Subscriber OnlyRugby

Gordon D’Arcy: The days of rugby's physical enforcer might be numbered

World Rugby need to be sure about which problem they are trying to solve

Two wildly contrasting spectacles last weekend: Thomond Park provided an ominous sign of where the game could be going while Stade Ernest Wallon was a brilliant advertisement for rugby.

The Danny Cipriani red card opens a much needed debate.

What is the problem World Rugby is trying to solve ahead of Japan 2019?

The image of the game or safety of players?


Probably both.

I genuinely feel for Cipriani. After his pre-season misdemeanours and constant narrative about non-selection for England, he needed a microscopic examination of his no-arms tackle technique like a hole in the head (pardon the pun).

Cipriani wanted nothing to do with Rory Scannell’s charge yet his half-tackle earned him a red card.

Was it a sending off?

This season, yes. Last season, yellow card at most. In 2016, penalty or play on. His shoulder made contact with Scannell's face. It was careless and he was protecting himself more than anything else. This is not Jerome Kaino. This is not Will Spencer. This is red card by proximity.

However, in the uncontrolled environment of the game, the unpredictable attacker forces unfamiliar decisions in real time

If still playing I wouldn’t have had to alter my technique too much but that would not have made me immune to this flurry of red cards.

Training is a hollow environment, as you know which way Ferg McFadden likes to step or what hand Jamie Heaslip prefers to hold the ball, so I can come out of the Tuesday session fully intending to deliver a faultless, disciplined defensive display at the weekend.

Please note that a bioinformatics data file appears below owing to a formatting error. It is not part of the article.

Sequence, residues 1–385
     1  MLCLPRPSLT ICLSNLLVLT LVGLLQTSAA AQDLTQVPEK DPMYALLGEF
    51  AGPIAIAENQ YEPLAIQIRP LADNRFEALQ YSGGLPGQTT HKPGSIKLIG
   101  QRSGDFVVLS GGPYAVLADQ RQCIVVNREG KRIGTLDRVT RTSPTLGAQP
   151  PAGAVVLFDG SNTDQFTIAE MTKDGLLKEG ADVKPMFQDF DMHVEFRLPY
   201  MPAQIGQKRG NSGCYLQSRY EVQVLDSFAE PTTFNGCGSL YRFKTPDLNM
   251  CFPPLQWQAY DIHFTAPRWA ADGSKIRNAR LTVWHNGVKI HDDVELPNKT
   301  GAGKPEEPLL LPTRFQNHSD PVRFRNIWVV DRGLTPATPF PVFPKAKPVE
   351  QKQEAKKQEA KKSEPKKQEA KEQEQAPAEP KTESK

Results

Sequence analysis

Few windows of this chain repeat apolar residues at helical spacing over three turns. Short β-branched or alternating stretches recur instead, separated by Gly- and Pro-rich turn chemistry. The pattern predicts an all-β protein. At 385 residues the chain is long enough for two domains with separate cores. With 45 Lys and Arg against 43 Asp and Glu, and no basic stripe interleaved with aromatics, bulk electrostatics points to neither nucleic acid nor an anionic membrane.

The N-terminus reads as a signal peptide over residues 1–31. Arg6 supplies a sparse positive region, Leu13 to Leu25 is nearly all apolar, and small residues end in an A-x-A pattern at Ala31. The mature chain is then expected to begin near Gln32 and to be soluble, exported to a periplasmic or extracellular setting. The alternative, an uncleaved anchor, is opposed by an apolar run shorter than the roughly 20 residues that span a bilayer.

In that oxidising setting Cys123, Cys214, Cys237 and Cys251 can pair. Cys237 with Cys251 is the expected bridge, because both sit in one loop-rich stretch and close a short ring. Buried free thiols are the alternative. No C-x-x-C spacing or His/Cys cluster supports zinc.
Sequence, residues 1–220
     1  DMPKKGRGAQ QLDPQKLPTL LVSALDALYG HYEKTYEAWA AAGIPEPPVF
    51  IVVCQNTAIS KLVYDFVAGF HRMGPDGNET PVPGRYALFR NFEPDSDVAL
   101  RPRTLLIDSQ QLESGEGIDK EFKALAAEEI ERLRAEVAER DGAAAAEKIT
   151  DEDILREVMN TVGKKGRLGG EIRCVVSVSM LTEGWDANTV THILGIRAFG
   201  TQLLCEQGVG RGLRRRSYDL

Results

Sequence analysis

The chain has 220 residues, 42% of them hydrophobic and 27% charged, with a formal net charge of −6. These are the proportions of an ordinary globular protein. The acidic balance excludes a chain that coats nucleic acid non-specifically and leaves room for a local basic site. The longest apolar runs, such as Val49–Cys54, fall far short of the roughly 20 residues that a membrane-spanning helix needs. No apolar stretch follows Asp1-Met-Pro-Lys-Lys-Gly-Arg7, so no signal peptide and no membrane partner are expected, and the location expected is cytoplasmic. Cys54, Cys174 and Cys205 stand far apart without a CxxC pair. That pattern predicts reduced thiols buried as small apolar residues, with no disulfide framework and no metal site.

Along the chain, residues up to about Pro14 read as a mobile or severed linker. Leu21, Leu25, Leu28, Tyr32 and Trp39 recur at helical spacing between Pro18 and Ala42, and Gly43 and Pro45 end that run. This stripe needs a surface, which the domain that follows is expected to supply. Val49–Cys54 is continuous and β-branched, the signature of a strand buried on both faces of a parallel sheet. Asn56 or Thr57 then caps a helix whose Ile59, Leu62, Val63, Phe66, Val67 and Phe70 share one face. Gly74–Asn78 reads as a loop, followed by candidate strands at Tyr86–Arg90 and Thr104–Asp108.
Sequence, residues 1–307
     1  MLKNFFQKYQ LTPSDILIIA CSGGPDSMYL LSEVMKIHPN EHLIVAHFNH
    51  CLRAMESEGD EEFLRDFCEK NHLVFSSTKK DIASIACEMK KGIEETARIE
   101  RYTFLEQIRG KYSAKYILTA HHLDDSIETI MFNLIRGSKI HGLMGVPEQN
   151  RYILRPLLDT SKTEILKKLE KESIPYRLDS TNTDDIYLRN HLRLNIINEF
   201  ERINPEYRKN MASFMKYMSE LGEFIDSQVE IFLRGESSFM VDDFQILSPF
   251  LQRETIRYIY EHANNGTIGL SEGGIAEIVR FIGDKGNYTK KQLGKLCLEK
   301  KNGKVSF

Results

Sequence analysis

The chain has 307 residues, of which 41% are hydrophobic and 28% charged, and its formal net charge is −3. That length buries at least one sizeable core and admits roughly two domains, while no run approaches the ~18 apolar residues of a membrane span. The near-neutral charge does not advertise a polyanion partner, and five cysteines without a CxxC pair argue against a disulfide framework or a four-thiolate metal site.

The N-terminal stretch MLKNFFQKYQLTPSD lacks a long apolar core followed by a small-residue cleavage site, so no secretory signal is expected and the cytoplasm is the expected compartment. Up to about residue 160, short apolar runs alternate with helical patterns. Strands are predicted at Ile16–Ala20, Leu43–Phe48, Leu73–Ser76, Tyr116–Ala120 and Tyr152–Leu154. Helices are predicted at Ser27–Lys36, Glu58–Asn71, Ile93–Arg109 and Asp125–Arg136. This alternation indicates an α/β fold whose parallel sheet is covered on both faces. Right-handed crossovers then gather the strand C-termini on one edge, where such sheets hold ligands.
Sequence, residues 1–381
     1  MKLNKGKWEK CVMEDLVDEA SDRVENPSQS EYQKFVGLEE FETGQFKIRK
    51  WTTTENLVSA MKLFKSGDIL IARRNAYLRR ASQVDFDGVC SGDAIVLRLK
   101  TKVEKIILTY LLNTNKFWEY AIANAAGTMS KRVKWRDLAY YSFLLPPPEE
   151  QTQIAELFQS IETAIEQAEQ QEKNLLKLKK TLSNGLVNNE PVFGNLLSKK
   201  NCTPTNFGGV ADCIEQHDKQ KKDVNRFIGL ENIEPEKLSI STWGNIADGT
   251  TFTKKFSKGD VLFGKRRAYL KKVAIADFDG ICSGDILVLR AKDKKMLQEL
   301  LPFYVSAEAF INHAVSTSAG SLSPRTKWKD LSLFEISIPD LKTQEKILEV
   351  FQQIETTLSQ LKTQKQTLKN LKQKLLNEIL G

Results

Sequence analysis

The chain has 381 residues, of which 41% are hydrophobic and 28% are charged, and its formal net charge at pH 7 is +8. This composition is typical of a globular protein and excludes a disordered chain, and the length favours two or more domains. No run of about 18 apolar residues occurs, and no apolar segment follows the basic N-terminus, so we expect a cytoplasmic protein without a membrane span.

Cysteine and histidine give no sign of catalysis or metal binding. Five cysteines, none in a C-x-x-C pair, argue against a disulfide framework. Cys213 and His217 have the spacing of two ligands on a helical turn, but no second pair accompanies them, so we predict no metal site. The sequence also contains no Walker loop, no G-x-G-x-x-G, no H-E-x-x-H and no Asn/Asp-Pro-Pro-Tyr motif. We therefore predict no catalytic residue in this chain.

However, in the uncontrolled environment of the game, the unpredictable attacker forces unfamiliar decisions in real time. This is the beauty of sport; how they are running, how you interpret the defenders around you, and emotional states, all feed into the split-second decision. Does this feel like an offload, will I get bumped if I go low or do I just need to throw myself into the spokes?

There is no decision to be made. You hit what you see. That’s never going to change.

Any team I ever played on the plan was to, where possible, try to remove officials from the equation. On one hand it is simple to encourage lower tackles but that brings a different sort of collision, like the gruesome head clash between Exeter duo Sam Skinner and Dave Ewers when they tackled Tommy O'Donnell.

This brings up two questions: what are we trying to solve here? What responsibility does the ball carrier have in all this?

This is a live environment. Rugby is a contact sport. We know the rules of engagement.

Right now, that risks attached to going low outweigh the potential sanction from tackling high.

It’s going to be a very long run into the World Cup. The pendulum has swung a little too far the other way. It’s not a question of getting away with anything but how these decisions are impacting and altering the flow of games.